Lightning strikes. It struck near me, and fried a component of my old X10 home-control system.
X10 is a power-line-based communications network. Data is sent (slowly) over the house power lines by injecting a 120 kHz signal into the 60 Hz AC signal just after the zero-crossing of that signal. One bit per cycle is sent by either adding or withholding a short pulse of the 120 kHz.
X10 devices are either plugged or wired into the house power lines. Each device has an address, not necessarily unique, which consists of a house code A-P and a unit code 1-16. The original design intent was to have each house in a neighborhood choose a unique house code, to prevent signals from the neighbors from controlling one’s own devices.
The data sent over the power lines corresponds to commands like “A03 AON”, which says to turn on any device with house code A and unit code 3.
I had been using a TW523 interface which provides:
- a logic-level zero-crossing synchronization signal
- a logic-level output which indicates when a 120 kHz carrier is present on the power line
- a logic-level input which causes the generation of the 120 kHz carrier.
It was controlled by an old Arduino which passed commands between the TW523 and a UDP socket using an Ethernet shield.
A Perl script on another computer provided the intelligence – receiving messages from the X10 system and an auxiliary RF control box, from my MQTT message broker, and from a Perl scheduler.
A recent thunderstorm provided my next-door neighbor some excitement when a bolt hit his chimney. It provide me with something to do, too…
It fried my TW523.
I subsequently found that the devices aren’t manufactured anymore. Fortunately, Jeff Volp produces a plug-compatible replacement, the XTB-523. I’m not yet using its extended capabilities, but am enjoying the higher reliability produced by its higher-power signals.
However, being a geek, I had to make other improvements to my system.
I didn’t like the power consumption of the old Arduino and its Ethernet shield – the Arduino’s voltage regulator was always quite hot, and I was afraid it would cook itself. I also didn’t like the solderless breadboard I had cobbled together 20 years ago as an electronics newbie – it was a mess.
So I grabbed a spare Adafruit Huzzah ESP8266 breakout board and went to work on the software. [ I will upload that to my Github account once I figure out why it’s telling me hundreds of my files have changed and I should do a pull but it won’t let me anyways and … wah, wah, wah ]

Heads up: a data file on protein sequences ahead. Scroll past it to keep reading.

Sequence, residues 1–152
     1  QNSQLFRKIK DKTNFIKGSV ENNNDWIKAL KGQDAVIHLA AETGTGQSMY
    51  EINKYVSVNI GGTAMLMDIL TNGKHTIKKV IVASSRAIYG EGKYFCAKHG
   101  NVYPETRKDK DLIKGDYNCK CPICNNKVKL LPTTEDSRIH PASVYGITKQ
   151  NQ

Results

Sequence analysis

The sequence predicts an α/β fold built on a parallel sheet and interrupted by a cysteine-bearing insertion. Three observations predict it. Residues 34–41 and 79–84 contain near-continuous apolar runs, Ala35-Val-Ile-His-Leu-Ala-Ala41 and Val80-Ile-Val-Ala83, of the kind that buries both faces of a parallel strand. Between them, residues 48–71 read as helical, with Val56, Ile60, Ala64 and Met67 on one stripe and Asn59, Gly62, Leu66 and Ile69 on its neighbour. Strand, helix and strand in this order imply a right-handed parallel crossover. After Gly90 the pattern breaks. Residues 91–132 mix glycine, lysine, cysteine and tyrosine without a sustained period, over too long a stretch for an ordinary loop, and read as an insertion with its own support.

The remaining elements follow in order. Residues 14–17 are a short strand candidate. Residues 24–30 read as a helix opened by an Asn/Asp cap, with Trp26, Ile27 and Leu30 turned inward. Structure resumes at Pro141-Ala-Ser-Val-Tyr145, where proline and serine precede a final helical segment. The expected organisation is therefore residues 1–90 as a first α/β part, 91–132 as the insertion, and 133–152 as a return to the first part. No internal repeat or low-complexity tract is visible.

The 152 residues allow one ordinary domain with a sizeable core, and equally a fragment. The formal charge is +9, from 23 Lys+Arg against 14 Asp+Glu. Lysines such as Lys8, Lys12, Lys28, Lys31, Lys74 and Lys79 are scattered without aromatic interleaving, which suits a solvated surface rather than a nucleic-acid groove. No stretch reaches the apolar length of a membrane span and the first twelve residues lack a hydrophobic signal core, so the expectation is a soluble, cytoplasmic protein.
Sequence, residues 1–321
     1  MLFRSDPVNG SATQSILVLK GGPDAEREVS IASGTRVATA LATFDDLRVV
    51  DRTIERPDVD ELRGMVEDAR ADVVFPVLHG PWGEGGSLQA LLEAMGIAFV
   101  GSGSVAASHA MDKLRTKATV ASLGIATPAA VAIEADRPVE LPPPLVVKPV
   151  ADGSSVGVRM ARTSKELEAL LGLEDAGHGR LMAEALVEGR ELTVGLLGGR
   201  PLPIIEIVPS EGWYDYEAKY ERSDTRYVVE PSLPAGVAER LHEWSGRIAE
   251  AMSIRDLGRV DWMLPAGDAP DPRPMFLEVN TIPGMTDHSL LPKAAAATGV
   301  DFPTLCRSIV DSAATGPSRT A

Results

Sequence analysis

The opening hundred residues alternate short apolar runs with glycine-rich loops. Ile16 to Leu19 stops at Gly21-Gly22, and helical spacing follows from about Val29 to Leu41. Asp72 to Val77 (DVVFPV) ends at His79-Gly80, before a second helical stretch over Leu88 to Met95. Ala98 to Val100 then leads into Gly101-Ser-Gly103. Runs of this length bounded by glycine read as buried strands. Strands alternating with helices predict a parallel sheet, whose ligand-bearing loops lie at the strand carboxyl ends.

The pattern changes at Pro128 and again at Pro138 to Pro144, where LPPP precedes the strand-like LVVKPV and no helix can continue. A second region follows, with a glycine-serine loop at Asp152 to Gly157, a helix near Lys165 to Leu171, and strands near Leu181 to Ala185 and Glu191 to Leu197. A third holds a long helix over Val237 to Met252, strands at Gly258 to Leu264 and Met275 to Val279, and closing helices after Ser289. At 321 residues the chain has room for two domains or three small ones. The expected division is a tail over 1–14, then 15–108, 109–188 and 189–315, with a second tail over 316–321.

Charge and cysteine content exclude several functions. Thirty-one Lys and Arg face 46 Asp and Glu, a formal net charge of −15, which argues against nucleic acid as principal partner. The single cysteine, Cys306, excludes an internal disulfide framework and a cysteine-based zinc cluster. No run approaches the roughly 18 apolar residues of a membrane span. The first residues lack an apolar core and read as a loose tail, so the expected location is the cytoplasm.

I also needed to create a better hardware setup – I wanted to plug the Huzzah into a board with its own voltage regulation, level shifting, and an RJ11 jack for the phone wire to connect it to the XTB-523. I entered the schematic into Eagle and laid out the components as if I were going to produce a PCB. I do this even when I’m going to hand-wire a circuit board, just to the point of laying out the components but not laying out the traces. I generally also create and record a color code for the wires, which will help me in future debugging.
This time around I also remembered to add some test points onto the board. I have a 4-pin header for the power (Vcc, 5V, 3.3V, and GND) and one for the 4 connections to the XTB-523.
After some major troubles with the software, I got it all to work. The main software trouble was a bug in the X10 library. I was getting an ESP8266 fatal exception when I enabled receiving. As I tried to create bread crumbs ( Serial.print statements ) and follow them back, I found that the problem arose in an object method that was called from an interrupt service routine (ISR). Now, it’s a really bad idea to do anything in an ISR that takes any significant time at all, because other interrupts want to be serviced, too, and they can’t while one ISR is in control. Print statements take a really long time ( from the perspective of a computer ), so trying to put them in confounded my search for enlightenment. Eventually I got frustrated enough to put some print statements outside the ISR and learned that the object’s .cpp file had to define an object pointer ( so the ISR could call an object method ), but that it wasn’t initialized to point to anything. When you try to dereference a null pointer, bad things happen. Once I found that, I was past the hump.
I almost said, “Once I found that, I was home free.” But I wasn’t. I still had (gasp!) bugs in my own code. They were, however, readily found and fixed.
Now everything works. <contented smile>